Treat your career path as a start-up and learn on the way
What do you want to be when you grow up? Everyone has heard this question a million times. The answer to this question was some standard answer which was accepted by society. But these answers were very limited and would probably not cover everyone’s interest. When you wanted to become something that was not that common you would have to answer a lot of other questions like: Are there enough jobs out there? Can you make a living out of it?
This happened to me when I decided to change my career path and become a designer. It can be hard to convince other people and to explain them why, if they doubt your choice. It took me quite some time to realise that I don’t have to argue about what I want to become or what I want to do. It is only relevant that I know WHY. There is always fear when we experience something different. Our brain processes pattern much faster, which makes changed circumstances more difficult to handle. This is probably the spot where we allow doubt to kick in.
Nowadays, we are fortunate enough to choose and to be creative about our career path. It is more usual to change jobs and career paths. Your future job might not even exist yet. How about using the start-up approach to create your future job? The key is to create your own job opportunities and be comfortable with an unconventional career journey. Think about your part and your piece of the puzzle in a professional environment. It might fit in right away or you might need you make some space for it and let the other puzzle pieces around you adapt to it. This is basically the start-up approach and exactly what I’m going to do. Something that you think is necessary for this world but does not exist yet. So you are going to build and offer it. It works the same with your future job. I will come up with an idea, prototype a job description, talk to people, receive feedback and adapt it until it works out. I focus on my passion and interests and will find the perfect niche in the market. As a designer even looking for jobs beyond the creative industry can be a possibility to have an impact. This means being open for the little opportunities in life and start creating opportunities yourself.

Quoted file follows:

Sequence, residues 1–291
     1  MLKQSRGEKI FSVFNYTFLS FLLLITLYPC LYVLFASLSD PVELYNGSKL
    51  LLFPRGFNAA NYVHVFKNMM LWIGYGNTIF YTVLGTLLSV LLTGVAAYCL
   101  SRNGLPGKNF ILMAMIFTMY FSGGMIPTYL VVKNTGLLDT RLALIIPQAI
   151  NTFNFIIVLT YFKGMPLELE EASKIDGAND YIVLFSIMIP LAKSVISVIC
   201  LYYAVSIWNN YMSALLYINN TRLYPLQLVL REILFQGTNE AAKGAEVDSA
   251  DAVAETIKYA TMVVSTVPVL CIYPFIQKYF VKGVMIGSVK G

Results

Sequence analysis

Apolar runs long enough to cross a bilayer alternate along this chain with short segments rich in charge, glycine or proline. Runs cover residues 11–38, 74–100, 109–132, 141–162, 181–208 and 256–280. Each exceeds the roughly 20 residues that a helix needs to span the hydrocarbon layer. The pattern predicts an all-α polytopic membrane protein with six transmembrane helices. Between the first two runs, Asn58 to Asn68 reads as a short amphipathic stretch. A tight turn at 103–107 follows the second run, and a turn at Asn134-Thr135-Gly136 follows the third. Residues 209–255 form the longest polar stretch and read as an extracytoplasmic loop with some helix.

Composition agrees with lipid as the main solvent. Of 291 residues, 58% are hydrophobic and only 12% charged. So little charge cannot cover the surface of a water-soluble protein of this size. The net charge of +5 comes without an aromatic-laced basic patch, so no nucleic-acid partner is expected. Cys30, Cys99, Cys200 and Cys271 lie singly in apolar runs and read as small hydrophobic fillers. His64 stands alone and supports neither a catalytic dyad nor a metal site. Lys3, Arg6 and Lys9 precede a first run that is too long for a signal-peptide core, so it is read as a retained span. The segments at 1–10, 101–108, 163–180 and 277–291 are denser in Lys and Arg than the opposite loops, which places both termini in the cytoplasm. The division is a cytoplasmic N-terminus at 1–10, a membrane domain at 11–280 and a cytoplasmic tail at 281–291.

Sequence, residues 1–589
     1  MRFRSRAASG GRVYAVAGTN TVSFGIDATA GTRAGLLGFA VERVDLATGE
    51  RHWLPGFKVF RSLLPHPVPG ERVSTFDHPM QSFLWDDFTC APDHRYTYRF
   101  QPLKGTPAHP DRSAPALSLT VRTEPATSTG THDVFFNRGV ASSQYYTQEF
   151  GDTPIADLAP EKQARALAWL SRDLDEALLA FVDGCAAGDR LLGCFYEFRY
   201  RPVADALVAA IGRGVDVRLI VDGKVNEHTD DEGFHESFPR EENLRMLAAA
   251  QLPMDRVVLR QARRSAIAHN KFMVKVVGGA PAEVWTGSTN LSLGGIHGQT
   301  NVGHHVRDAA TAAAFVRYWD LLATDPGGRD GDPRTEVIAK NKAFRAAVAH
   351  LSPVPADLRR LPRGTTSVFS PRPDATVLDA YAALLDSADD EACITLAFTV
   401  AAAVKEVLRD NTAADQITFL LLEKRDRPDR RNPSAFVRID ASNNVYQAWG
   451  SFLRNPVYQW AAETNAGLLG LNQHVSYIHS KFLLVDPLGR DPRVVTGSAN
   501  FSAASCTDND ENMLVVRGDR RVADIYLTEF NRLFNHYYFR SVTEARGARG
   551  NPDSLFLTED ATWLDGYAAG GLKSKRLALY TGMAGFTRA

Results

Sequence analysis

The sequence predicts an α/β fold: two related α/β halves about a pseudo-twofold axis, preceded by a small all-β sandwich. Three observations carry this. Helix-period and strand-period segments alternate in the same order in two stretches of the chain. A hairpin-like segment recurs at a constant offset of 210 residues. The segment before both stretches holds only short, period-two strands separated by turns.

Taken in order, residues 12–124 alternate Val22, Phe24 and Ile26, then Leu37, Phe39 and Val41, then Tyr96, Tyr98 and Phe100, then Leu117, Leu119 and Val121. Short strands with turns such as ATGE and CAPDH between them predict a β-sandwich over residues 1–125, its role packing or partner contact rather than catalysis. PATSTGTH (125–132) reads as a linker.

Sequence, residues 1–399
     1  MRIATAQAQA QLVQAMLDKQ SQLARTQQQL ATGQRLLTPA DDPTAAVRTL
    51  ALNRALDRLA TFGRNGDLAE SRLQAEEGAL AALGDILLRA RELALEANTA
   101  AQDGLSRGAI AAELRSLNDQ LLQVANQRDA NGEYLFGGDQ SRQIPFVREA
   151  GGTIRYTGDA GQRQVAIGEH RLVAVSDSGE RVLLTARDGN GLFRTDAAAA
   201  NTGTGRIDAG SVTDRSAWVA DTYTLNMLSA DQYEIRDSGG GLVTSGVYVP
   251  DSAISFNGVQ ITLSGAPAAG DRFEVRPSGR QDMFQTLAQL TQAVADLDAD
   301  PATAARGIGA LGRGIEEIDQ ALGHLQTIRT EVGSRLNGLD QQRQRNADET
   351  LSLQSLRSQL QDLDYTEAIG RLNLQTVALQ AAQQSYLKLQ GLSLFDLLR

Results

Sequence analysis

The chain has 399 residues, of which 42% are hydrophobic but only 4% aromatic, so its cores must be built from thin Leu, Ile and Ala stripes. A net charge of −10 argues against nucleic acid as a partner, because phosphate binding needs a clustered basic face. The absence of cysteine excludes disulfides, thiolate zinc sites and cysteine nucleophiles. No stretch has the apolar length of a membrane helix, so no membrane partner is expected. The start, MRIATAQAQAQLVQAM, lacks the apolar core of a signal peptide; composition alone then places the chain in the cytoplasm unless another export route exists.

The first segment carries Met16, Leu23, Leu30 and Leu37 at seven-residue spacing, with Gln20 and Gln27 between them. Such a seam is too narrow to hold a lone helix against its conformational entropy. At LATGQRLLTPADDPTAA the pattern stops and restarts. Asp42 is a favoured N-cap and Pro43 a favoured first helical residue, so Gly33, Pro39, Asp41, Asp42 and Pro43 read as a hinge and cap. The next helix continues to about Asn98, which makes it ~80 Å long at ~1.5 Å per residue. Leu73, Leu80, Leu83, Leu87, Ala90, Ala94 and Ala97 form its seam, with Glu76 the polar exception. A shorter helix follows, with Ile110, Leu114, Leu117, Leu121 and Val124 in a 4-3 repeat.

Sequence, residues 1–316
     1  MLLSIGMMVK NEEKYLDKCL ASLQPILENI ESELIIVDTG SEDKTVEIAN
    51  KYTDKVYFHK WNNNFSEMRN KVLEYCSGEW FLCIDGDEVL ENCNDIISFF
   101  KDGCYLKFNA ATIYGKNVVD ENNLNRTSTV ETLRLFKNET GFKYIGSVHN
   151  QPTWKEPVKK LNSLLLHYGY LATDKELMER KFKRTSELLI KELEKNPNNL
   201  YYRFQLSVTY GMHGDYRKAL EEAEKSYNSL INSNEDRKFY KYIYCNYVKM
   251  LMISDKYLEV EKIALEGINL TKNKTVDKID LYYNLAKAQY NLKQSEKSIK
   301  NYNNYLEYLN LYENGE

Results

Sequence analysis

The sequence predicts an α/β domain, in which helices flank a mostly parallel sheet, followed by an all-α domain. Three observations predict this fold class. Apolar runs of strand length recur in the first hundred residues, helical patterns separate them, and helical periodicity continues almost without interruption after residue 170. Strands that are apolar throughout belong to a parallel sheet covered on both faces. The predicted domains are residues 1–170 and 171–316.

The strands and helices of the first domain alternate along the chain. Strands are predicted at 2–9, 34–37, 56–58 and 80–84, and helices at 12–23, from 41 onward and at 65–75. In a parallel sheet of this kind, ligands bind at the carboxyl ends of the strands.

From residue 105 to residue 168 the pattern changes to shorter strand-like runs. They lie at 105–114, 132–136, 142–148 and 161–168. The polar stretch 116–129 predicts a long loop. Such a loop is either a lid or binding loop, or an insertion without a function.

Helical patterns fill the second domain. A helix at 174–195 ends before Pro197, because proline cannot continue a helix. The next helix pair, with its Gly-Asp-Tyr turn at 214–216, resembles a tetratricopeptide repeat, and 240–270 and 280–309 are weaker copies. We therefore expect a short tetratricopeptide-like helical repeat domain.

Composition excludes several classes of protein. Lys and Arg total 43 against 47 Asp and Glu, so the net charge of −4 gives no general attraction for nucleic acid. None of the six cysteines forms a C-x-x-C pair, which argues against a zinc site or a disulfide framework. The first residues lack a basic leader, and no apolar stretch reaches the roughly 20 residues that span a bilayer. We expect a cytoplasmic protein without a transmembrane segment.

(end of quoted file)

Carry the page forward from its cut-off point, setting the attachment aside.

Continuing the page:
The combination of all our jobs and our understanding creates a unique skill set. By the way, we are the only ones who have exactly this kind of skill set. It is unique! Define your own version of success, design your own story and go for an unconventional career path. Our course leader Janja Song explained that our CV doesn’t have to be a straight line there is always room for a change of direction. I cannot agree more with that.
Thank you for reading,
I share insights, reflections and hands-on experience throughout my year at Kingston University London. I study MA Communication Design & the Creative Economy (MACE). Please be part of my journey and let me know what you think on Twitter.